Justin Delgado is husband to Kacie Doyle-Delgado, diagnosed at age 11. After more than a decade together, he considers himself to be an expert carb counter and Dexcom inserter. He graduated with his Master of Science in Finance from the University of Utah in 2013 and has been working in commercial banking since then. He attended his first Friends for Life conference in 2015 and is looking forward to volunteering with the teens.
December 26, 1999
Weight and Weight Loss
Question from Texas, USA:
I have type 1 diabetes and was diagnosed five years ago. I would like to know how to lose weight. I have tried every diet possible. I do exercise every day. I take vitamins and supplements to keep from getting sick. I only want to lose 15-20 pounds. Is there a possibility that my body is happy with where my weight is?
Most people seem to have a weight that is “right” for them. Some scientists have called that the “set point,” a weight that you keep coming back to as a result of your body’s own make-up. It can be difficult to permanently change your weight from that level but not impossible. If your current weight is one that you always seem to come back to, especially if your body now looks like other people in your family, that may be what you’re dealing with. On the other hand, if this new higher weight is unusual for you, there may be other factors to consider:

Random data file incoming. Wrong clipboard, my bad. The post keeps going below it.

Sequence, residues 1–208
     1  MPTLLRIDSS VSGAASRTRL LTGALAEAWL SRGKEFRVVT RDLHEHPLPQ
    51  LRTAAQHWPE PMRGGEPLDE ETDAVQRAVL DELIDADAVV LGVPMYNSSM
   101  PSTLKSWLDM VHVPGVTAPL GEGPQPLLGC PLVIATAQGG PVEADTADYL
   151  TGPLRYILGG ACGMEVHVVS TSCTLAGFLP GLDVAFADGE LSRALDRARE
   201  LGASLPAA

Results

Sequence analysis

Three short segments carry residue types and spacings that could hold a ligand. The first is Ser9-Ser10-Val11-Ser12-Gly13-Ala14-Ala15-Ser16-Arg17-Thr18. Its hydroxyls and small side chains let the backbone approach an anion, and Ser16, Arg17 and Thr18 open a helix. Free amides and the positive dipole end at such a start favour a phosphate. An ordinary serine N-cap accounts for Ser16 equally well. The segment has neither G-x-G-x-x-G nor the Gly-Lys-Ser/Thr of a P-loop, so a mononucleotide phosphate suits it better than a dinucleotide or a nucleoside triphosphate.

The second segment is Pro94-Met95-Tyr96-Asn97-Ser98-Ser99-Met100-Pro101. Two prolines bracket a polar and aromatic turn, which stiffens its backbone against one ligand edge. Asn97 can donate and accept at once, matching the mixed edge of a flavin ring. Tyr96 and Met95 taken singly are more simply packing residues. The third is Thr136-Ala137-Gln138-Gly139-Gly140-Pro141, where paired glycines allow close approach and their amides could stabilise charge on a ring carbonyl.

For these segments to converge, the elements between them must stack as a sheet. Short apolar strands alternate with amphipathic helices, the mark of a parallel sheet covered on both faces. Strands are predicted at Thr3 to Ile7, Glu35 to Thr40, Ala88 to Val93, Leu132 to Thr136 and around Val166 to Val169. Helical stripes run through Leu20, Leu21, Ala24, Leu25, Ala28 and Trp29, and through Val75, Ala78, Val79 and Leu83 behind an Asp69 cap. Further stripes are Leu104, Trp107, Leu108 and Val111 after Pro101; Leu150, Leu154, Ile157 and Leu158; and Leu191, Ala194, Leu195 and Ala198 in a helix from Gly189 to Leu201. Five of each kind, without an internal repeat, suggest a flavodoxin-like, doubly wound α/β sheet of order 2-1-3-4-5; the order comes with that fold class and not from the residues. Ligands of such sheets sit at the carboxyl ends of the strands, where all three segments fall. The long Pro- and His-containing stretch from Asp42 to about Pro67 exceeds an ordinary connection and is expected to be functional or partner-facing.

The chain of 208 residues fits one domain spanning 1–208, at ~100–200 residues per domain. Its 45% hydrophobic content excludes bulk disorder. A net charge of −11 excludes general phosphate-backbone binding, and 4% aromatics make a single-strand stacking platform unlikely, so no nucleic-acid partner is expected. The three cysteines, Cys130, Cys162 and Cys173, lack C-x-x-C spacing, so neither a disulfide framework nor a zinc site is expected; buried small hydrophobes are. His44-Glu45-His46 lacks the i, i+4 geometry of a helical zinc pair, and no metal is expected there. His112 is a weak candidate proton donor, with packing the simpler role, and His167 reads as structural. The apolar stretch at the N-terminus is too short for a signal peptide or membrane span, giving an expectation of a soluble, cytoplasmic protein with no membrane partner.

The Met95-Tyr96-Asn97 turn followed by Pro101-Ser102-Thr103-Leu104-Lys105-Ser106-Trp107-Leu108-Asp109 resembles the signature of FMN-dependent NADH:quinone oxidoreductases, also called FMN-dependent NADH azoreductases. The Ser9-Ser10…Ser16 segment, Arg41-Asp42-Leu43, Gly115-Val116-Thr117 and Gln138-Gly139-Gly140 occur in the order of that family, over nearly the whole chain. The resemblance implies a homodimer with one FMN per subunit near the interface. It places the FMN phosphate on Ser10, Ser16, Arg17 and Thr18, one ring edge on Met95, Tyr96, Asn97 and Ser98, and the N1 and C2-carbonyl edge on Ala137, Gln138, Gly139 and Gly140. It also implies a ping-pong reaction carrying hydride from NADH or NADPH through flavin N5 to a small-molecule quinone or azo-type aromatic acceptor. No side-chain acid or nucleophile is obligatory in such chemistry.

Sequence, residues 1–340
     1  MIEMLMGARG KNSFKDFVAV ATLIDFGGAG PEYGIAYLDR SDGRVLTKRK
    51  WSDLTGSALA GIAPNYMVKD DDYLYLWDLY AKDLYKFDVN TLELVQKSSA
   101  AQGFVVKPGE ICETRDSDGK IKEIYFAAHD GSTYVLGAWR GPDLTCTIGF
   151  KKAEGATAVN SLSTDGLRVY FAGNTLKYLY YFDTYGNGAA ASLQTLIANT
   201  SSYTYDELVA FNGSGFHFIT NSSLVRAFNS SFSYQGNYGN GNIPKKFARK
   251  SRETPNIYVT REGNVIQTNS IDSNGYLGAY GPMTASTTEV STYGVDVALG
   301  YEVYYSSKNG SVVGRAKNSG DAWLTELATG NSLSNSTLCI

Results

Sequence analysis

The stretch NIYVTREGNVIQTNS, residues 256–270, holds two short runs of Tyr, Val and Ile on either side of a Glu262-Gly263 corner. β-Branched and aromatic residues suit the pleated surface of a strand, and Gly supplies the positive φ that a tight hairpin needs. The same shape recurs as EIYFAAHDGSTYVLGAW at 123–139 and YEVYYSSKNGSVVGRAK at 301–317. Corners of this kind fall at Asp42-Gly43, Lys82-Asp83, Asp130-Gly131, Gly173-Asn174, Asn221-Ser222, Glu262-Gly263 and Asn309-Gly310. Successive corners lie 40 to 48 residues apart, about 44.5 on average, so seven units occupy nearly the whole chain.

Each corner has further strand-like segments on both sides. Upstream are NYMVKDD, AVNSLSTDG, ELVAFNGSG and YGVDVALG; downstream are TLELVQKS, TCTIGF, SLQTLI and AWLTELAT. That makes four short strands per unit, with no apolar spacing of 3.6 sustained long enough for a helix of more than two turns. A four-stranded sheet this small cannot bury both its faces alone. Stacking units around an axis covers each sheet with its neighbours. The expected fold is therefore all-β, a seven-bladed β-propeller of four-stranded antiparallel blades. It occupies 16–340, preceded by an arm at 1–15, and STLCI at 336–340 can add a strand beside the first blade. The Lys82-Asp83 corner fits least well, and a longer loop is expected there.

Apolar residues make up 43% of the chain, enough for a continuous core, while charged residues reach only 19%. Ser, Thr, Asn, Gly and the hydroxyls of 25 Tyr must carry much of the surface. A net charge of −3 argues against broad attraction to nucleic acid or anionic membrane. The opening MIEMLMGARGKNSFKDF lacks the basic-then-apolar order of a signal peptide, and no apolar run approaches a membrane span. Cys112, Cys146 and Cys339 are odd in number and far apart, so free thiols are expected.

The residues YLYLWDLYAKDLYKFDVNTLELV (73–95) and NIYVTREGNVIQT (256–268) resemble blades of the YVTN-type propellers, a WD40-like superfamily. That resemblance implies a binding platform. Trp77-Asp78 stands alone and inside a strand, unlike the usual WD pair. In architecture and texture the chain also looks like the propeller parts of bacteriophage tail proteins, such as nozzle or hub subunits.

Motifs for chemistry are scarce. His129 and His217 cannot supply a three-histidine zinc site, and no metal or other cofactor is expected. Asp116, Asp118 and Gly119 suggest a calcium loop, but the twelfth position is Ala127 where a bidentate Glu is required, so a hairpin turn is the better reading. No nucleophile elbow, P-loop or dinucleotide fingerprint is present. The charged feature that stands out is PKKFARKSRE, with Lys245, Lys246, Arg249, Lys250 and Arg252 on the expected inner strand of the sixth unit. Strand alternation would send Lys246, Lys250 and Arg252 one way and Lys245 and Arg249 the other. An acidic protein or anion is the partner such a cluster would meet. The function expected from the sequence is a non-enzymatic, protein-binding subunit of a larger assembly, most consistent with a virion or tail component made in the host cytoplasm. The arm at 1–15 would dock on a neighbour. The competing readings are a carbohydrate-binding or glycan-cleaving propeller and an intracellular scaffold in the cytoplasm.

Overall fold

What makes up the “extra” weight? If you are lean and fit, remember that muscle weighs more than an equal volume of fat. Your body composition may be fine and it is just the number on the scale that’s got you spooked.
Are you taking the right amount of insulin? Taking a bit too much insulin on a daily basis can lead to unwanted weight gain. If you are often having to eat extra to treat hypoglycemia, that could be contributing to unwanted weight gain. The extra weight from a too high insulin dose is more likely to be stored as fat than as muscle.
Higher insulin levels also makes it difficult to lose weight. Fat can’t be broken down when insulin levels are high. Looking at both the type and the doses of insulin in your current regimen with your doctor or educator might be helpful to your weight loss efforts.
It sounds as if you are being very thoughtful about how you approach this issue. Overall health is the goal. We know that extreme “diets” don’t work — not for the long run. If your insulin doses are set correctly, so that your body is functioning as intended, then eating a healthy selection of foods, not using food to cope with emotional stresses, and being physically active should help your body settle permanently in to its own best weight.